The National Automobile Dealers Association (NADA) and American Truck Dealers (ATD) released a new report today that calls into question the Environmental Protection Agency's (EPA) cost analysis of emissions control requirements for model year (MY) 2004-2010 commercial trucks. The mandates resulted in substantially higher prices for commercial vehicles, depressed sales, and delayed the environmental benefits that the EPA originally sought.
NADA/ATD released the following statement:
"Until now, few studies have ever compared the EPA's cost predictions to the actual cost of meeting its motor vehicle emissions mandates. The study, which looks back at the 2004-2010 medium- and heavy-duty truck emissions mandates, reveals that the EPA underestimated actual compliance costs on average by a factor of two to five. It shows what can happen when a regulatory proposal – based on far in-advance predictions – seeks to set mandates far in the future. Importantly, the study documents the real-world market disruptions that can occur as a result.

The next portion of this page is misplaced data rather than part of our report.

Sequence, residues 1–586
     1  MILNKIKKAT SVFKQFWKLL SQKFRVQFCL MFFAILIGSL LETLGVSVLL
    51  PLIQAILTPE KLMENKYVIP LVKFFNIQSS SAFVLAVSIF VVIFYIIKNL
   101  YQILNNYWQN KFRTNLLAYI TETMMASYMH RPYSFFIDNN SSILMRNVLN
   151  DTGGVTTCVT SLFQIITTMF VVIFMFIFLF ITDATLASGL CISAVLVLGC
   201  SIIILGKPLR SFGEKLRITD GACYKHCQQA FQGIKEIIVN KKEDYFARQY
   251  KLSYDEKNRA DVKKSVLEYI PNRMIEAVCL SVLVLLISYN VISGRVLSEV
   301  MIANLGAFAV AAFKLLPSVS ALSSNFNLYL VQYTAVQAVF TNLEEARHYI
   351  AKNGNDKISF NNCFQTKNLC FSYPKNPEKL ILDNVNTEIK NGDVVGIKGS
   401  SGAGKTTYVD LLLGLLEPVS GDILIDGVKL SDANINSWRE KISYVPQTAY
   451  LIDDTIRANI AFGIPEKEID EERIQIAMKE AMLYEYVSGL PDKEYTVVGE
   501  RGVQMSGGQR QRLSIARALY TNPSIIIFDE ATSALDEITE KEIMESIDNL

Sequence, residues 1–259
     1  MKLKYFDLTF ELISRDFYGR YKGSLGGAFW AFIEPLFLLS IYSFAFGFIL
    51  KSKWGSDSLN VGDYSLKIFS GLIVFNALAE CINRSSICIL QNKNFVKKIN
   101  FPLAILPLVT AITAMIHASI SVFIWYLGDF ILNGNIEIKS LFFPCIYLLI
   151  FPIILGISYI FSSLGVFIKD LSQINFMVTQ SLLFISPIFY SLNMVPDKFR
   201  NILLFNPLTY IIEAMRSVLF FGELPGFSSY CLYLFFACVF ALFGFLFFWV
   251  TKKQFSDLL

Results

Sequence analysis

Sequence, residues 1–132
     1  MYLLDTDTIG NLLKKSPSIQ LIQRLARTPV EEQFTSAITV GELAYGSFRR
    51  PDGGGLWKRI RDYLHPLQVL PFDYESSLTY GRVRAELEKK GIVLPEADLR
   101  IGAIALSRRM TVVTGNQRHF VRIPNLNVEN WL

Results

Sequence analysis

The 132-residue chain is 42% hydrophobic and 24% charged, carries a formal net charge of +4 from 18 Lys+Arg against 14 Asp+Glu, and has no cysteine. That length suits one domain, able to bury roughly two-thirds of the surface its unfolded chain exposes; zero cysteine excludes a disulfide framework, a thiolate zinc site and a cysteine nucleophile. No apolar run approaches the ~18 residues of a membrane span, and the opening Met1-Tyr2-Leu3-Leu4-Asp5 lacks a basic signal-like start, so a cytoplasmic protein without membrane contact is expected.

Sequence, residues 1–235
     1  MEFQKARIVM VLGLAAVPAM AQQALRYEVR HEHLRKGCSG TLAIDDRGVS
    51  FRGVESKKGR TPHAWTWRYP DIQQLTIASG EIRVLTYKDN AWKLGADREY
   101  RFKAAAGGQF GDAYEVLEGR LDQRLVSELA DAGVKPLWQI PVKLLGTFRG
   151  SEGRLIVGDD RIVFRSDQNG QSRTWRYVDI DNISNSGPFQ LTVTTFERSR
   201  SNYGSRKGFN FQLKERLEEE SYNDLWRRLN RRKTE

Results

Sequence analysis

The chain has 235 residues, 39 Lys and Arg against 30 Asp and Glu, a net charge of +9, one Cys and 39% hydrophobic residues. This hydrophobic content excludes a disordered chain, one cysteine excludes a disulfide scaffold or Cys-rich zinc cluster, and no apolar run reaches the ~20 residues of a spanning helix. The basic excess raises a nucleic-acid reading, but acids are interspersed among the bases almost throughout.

"The lessons learned from this report apply directly to the proposed MY 2017-2025 fuel economy regulations for light-duty vehicles. That rulemaking, combined with previous Obama administration fuel economy mandates, will raise the average price of a vehicle by $3,000, according to EPA and National Highway Traffic Safety Administration estimates. When faced with unreasonable federal regulatory mandates that increase motor vehicle costs, buyers of light-duty vehicles – similar to what commercial truck buyers experienced – will seek out less expensive alternatives in the marketplace."